SRJC Libraries unveil revamped website

Isabel Johnson, Feature Editor

The SRJC libraries have a new website this semester, packed with updated databases and helpful study guides. Along with a new mobile site, the home site for the library will help students access the library from home and open new avenues for research.

The new mobile site allows students to search library databases from their cell phones ( and weekly features on the homepage provide updates on new website content. Visits to the library website have risen by 161 percent over the past year, and page views are up by 244 percent, showing that the new site has been a success in reaching out to students.

“We started with a ‘web walkabout,’ interviewing groups of faculty and staff to understand how the website could meet their needs and to gather ideas for ways to use the redesign to support the delivery of instruction,” said electronic services librarian Alicia Virtue. The process of creating the new site took about 10 months.

“With students’ increasingly busy lives, the library wanted to make access to its huge collection of electronic materials readily available,” Virtue said. “The growing collection of electronic resources coupled with advances in web technologies gave the library an opportunity to develop new ways to access research tools from one easy place.”

The main page of the new site has a search tool found at the top of the page. Students can choose to search books, periodicals or other materials made available through the library. Directly below, a set of links – particularly relevant guides compiled by library staff – is updated weekly. During the week of Feb. 2, links included a guide of news and history of the Middle East, a webpage about a current art exhibit, a list of library databases and lists of useful web searches and sites.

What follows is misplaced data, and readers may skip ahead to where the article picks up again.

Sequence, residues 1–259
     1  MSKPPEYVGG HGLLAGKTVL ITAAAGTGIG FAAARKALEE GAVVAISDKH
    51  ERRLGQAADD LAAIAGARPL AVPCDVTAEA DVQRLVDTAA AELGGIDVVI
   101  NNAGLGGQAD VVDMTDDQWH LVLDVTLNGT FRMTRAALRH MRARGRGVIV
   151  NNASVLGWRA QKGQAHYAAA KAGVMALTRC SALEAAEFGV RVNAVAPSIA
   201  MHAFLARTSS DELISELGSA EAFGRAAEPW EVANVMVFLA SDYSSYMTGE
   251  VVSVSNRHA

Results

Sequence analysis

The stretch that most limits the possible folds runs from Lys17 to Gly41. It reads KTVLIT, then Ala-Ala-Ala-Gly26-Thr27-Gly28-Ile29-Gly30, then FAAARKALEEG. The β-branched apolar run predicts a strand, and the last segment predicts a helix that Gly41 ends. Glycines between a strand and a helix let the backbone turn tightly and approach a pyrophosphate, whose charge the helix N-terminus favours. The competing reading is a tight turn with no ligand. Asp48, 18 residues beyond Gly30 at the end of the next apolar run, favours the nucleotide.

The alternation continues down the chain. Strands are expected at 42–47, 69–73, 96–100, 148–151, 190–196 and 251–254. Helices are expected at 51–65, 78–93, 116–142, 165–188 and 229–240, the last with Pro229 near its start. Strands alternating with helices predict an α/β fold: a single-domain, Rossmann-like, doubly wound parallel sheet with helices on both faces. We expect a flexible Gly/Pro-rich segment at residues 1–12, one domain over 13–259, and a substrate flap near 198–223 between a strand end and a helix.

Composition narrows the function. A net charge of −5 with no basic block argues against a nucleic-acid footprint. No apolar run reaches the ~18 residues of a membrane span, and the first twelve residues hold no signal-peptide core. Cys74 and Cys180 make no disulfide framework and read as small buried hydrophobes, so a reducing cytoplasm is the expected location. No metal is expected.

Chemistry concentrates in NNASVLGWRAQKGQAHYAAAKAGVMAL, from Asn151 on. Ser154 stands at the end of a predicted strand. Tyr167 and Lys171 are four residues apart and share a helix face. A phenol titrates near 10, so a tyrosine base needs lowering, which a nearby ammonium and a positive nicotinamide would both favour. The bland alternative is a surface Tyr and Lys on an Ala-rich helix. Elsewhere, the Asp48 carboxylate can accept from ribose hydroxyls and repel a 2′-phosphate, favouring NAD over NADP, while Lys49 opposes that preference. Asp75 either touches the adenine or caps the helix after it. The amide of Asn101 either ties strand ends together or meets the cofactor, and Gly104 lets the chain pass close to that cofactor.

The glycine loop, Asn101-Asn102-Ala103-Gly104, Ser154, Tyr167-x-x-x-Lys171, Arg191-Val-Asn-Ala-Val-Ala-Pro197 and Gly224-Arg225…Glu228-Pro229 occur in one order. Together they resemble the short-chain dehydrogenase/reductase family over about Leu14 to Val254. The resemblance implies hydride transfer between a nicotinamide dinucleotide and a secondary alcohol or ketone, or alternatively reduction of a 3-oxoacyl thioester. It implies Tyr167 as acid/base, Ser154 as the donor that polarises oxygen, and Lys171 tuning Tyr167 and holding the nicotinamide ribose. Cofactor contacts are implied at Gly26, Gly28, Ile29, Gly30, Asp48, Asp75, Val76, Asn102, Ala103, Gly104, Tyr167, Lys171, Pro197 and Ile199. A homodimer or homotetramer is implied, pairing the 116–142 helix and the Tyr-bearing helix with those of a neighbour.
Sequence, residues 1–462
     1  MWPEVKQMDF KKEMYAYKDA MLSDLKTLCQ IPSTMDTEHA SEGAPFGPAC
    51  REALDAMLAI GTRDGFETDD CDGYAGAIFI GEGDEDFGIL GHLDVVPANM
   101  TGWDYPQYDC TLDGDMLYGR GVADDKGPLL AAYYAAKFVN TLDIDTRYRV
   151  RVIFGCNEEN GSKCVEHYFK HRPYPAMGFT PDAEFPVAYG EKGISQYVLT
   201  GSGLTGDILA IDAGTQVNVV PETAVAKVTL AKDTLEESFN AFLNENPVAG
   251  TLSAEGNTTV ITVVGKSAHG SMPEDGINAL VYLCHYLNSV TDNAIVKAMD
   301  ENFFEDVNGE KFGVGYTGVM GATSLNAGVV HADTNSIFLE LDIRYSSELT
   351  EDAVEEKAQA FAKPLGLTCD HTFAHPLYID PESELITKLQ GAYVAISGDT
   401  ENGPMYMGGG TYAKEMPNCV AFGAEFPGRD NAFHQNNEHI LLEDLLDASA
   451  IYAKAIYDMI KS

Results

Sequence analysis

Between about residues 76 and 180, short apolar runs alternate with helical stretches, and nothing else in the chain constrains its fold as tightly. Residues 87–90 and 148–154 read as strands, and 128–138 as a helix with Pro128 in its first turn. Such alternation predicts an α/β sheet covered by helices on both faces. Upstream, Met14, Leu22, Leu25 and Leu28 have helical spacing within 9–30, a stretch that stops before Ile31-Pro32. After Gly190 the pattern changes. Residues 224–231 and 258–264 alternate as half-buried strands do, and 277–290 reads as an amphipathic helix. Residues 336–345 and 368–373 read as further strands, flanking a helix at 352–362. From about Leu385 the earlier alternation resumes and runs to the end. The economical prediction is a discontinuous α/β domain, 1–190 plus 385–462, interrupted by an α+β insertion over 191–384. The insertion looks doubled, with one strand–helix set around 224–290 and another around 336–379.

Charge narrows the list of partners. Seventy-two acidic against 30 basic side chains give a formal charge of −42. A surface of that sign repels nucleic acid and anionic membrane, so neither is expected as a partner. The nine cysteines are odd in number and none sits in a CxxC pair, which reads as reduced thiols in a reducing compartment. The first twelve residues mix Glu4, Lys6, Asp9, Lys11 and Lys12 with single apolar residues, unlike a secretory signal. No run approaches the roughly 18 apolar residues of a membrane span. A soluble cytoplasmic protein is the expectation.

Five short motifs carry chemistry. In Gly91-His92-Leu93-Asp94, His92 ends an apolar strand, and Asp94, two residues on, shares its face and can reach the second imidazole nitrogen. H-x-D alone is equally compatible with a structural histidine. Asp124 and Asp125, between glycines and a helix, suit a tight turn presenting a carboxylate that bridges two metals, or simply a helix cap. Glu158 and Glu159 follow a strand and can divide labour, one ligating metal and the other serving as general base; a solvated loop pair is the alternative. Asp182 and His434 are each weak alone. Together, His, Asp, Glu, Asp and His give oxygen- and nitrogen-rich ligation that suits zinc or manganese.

“The redesign of the site has a very big tag-line that says ‘Start Your Research Here’ and you’ll see below it with that search box we’ve basically put every possible way that a student would need to use library-searching tools right there in that top half of the page,” Virtue said.

The website makes it possible for students to not only find books to borrow from the library but it also provides access to library-owned e-books directly to students at home, using their student ID number so they can log in, similar to the MyCubby page.

“That was a big motivator, this huge influx of electronically oriented material,” Virtue said. The library will make it easier for students to find the information they need without relying on the sometimes faulty data found through Google searches and Wikipedia. Library staff or SRJC instructors have chosen all of the linked sites.

“The content is changing all the time,” Virtue said. “There are problems in Egypt, we put together the Middle East guide that you can use to track news feeds or what’s happening in Egypt right now, the history and politics of it. That will go away probably over the weekend and something else will be featured.”

Among the many new features is a guide to the Work of Literary Merit for this year, “Into the Forest” by Jean Hegland. An entire page with links to interviews, reviews and other materials about the novel is available for students to use. Visit the library at